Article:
And then … I paused for a moment noticing in Biene’s dreamy eyes the expression of sweet anticipation of  words never spoken or written before, which she had been expecting from me, the slowpoke, for such a long time. “And then,” I continued almost choking with emotion, “I will ask you to come and be my wife.” Now she squeezed my hand and her face was beaming. Little did I know that with these words I fulfilled her secret wish, which at home in Velbert had been conceived in her heart on New Year’s Eve! So with all our hitherto hidden desires so plainly revealed with my promise to marry her we huddled a little closer together on our way back to the house. To be sure, this was not entirely due to the ice and snow and the wintry chill in the air.

The Ring

 A most unconventional, secret engagement had taken place. Biene and I did not feel any need to share the joyful news of our clandestine arrangement with anyone. While our parents, relatives and friends saw our love story unfolding before their eyes, they did not suspect anything more than what was normal at our age to do, to have a few dates, to meet at regular albeit long intervals. However, breaking well-established and meaningful conventions, such as a formal engagement, was not without peril, which we in our elevated state of romantic ecstasy did not foresee and whose warning signs we did not heed.

60

Another danger was lurking from deep within me, the tendency to fast forward into the future, then to look back from an imaginary vantage point and view in horror all the possible things that could go wrong. The worst of these mental acrobatics was that I was afraid that I would have to take the blame for Biene’s future hardships, suffering and pain. These were the thoughts that were passing through my convoluted mind. In simple terms, I was also a bit scared about having the boldness to ask her to marry me in the light of having ahead very little income, an uncertain future, and a long period of separation. So I wrote in a letter:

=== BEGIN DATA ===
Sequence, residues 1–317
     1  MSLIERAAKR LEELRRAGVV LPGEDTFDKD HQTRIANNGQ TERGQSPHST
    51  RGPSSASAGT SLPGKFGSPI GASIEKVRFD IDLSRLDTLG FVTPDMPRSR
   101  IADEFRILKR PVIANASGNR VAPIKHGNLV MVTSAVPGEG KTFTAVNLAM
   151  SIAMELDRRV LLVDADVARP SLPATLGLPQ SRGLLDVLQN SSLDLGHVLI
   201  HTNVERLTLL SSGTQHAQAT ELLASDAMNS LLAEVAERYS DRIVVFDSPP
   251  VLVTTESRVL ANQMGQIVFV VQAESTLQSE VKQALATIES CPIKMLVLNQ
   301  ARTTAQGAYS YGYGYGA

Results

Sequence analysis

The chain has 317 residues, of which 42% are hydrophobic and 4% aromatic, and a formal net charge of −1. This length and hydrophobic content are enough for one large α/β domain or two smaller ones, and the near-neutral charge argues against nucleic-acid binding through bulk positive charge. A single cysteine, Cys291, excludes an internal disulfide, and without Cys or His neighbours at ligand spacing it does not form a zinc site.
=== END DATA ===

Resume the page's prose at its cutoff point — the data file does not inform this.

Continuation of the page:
“Now I recall something else I wanted to tell you. I would very much like, when I am no longer in Germany, that you feel obligated by nothing except by your heart and feeling. Do you know what I mean? We have always striven to be honest even when we found it hard to do so. But it is exactly that honesty, which unites us so firmly. Perhaps you had expected to hear from me more concise plans on our walk through the snow to the old mill and back. See, my dear Biene, this was also the reason, why I found it so difficult to talk. I do not wish to exert any pressure on you. When I tell you, I need you –I really need you -, then in a sense I have already exerted pressure.  Therefore, dear Biene, I urge you to let your heart decide.”

The Old Mill at the Edge of Town
The Old Mill at the Edge of Town

The promise we made to each other on our wintry walk was barely one week old. And already I had cast doubts on the strength of our love for each other. I was very lucky that Biene did not take it as an insult. Even though it had never been my intention, one could have accused me of putting her love to the test. Of course, from her response I could tell that she felt saddened by the doubts I still had about her true feelings. But at the same time, my letter had compelled her to say that she loved me so much that she could belong to no one but me. I had to smile when I read the following lines,

“And if you were as poor as a church mouse, I would rather be a church mouse. Peter, don’t laugh, I really mean it. I would also like to give you a sign. May I give you my ring? It is the most precious thing I possess except for your letters and the book you wrote for me. Never would I have parted with it, but with you I find it easy to do. You must not think I am superstitious, but I believe it will bring you luck. And one day, dear Peter, when you write to me, ‘Biene, come to me!’ you can return it to me. Oh Peter, it makes me so indescribably happy to believe in a future with you. I am always thinking of us and I am indescribably happy about our secret. Dear Peter, I am so thankful that you have always stuck with me even though I so often hurt you, because I didn’t know that I loved you so much.”

Gertrud Pankni, Biene's Grandmother - 1931
Gertrud Panknin, Biene’s Grandmother – 1931